General election results

The following candidates won election on November 8, 2011:

  1. Anthony Bucco
  2. Barbara Buono
  3. Bob Smith, New Jersey Senator
  4. Brian Stack
  5. Christopher Bateman
  6. Christopher Connors
  7. Dawn Addiego
  8. Diane Allen
  9. Donald Norcross
  10. Fred Madden
  11. Gerald Cardinale
  12. James Beach
  13. James Holzapfel
  14. Jeff Van Drew
  15. Jennifer Beck
  16. Jim Whelan
  17. Joseph Kyrillos
  18. Joseph Pennacchio
  19. Joseph Vitale
  20. Kevin O'Toole
  21. Linda Greenstein
  22. Loretta Weinberg
  23. Michael Doherty
  24. Nellie Pou
  25. Nia Gill
  26. Nicholas Sacco
  27. Nicholas Scutari
  28. Paul Sarlo
  29. Raymond Lesniak
  30. Richard Codey
  31. Robert Gordon
  32. Robert Singer
  33. Ronald Rice
  34. Samuel Thompson
  35. Sandra Cunningham
  36. Shirley Turner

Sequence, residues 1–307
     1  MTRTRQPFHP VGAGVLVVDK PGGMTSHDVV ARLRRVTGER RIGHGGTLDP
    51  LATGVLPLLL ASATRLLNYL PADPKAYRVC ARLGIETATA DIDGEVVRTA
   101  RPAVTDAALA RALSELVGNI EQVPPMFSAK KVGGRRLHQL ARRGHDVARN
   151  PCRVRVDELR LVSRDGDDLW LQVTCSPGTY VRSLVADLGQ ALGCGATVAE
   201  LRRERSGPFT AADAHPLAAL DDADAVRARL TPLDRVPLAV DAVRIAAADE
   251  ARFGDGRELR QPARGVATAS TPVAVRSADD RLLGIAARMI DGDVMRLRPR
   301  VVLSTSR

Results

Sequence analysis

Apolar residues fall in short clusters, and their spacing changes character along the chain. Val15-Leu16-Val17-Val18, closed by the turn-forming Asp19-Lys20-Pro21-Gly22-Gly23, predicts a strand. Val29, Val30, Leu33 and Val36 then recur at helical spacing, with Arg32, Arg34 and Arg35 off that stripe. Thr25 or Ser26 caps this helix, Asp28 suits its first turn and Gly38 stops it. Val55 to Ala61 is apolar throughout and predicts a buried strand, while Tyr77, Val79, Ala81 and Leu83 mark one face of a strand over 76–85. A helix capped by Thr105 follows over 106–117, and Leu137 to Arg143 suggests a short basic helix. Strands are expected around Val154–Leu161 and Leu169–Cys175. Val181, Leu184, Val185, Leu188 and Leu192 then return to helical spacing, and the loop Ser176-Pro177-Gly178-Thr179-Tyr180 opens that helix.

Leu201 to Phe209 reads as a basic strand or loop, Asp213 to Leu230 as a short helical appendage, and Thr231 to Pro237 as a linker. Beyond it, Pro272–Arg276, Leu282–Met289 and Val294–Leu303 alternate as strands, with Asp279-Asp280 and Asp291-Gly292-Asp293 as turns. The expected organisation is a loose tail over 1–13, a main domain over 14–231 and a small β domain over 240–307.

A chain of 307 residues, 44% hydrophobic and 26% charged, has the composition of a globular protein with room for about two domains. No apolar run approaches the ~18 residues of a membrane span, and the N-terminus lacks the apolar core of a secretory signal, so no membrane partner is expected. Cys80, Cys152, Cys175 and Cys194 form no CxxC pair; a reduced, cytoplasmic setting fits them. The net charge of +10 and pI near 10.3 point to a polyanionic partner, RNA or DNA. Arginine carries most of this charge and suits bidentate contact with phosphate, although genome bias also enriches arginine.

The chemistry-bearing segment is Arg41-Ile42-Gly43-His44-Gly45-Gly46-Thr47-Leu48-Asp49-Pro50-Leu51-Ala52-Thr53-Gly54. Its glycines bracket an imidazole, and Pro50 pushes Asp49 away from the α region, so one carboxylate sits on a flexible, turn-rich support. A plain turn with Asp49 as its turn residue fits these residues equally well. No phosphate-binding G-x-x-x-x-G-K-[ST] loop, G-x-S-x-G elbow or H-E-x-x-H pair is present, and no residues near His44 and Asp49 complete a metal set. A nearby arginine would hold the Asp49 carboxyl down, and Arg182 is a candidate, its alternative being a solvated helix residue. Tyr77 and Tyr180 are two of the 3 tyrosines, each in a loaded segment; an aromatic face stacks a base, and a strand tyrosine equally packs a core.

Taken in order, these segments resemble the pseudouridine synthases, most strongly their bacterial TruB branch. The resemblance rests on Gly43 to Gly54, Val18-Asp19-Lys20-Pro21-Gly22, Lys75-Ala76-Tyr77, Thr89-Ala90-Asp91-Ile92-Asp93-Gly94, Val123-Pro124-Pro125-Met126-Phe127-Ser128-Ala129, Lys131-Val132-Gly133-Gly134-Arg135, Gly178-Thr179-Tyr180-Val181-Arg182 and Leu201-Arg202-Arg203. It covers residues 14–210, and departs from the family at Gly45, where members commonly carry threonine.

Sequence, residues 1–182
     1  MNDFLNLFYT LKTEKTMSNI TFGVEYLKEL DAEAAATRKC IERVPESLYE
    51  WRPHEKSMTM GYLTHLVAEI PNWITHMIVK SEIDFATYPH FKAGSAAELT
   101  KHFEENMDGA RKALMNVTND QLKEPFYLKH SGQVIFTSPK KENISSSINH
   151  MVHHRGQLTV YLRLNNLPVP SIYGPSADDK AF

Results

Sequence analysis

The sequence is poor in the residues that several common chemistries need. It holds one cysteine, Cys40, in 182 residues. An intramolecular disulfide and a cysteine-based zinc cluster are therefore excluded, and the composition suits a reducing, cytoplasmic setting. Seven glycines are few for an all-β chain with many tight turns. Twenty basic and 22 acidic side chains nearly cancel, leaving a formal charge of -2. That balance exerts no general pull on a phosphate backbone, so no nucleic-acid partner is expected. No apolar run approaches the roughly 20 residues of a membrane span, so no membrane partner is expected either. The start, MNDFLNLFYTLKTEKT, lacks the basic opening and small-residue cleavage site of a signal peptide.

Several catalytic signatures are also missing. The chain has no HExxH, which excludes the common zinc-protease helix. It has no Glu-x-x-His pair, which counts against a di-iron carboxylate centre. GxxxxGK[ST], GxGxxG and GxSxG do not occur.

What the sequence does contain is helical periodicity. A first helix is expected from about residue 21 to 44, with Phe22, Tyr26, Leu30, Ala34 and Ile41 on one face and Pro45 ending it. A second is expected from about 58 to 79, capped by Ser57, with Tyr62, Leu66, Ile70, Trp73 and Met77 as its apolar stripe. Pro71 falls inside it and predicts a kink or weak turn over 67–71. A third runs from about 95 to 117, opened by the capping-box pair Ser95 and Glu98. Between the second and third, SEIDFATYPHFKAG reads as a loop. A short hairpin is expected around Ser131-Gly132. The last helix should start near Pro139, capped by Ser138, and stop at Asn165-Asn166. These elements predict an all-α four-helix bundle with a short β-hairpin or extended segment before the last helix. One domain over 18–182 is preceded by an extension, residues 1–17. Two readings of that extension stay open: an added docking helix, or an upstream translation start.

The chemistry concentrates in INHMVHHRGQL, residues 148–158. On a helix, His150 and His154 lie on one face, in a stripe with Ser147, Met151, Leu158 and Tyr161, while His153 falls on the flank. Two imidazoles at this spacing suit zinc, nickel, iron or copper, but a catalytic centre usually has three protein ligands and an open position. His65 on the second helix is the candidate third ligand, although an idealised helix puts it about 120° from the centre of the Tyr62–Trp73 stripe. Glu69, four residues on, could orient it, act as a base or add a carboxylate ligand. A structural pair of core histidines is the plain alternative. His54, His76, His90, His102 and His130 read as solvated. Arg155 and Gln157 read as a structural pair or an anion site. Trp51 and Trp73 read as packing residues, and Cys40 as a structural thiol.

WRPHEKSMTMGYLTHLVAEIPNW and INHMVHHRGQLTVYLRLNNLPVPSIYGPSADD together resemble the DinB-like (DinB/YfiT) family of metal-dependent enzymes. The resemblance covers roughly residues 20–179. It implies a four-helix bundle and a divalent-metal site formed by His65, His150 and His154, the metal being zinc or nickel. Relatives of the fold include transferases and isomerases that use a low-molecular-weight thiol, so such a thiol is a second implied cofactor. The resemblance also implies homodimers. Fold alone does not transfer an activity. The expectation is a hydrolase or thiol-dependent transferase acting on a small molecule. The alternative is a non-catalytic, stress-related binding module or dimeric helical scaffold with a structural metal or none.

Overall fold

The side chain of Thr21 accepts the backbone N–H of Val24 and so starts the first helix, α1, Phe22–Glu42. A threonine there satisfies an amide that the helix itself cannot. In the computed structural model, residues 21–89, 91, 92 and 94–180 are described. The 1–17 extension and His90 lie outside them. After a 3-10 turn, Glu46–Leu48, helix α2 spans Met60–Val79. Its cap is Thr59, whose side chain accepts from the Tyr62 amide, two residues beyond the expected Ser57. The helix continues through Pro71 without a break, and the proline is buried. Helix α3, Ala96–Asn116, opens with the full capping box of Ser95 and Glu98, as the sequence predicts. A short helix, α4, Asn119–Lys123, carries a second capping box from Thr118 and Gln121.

37. Stephen Sweeney
  38. Steven Oroho
  39. Teresa Ruiz
  40. Thomas Kean

Odd-year elections

New Jersey is just one of four states that held state house elections in 2011. The other three states that hold house elections in odd-numbered years are Louisiana, Mississippi and Virginia.

New Jersey began holding elections in odd numbered years when the state adopted a new constitution in 1947. Prior to the new constitution, members of the Assembly were elected to one-year terms, members of the Senate to three-year terms and governors to three-year terms. The new constitution changed the term structure to include two years for representatives and four year terms for senators and governors. Because the constitution was adopted in an odd-numbered year, elections were also held in odd-numbered years and have continued in such a manner to this day.[2]

The notion also exists that the reason for odd year elections exists to insulate New Jersey politics from national politics. Former New Jersey Governor Alfred E. Driscoll made the following statement before the constitutional convention in 1947:[2]

...the election for a Governor and for Assemblymen should not coincide with a Presidential election. The importance of a gubernatorial election merits an election that will not be overshadowed by a national contest for the Presidency. The problems confronting the State are frequently distinct from those confronting the nation...

Impact of redistricting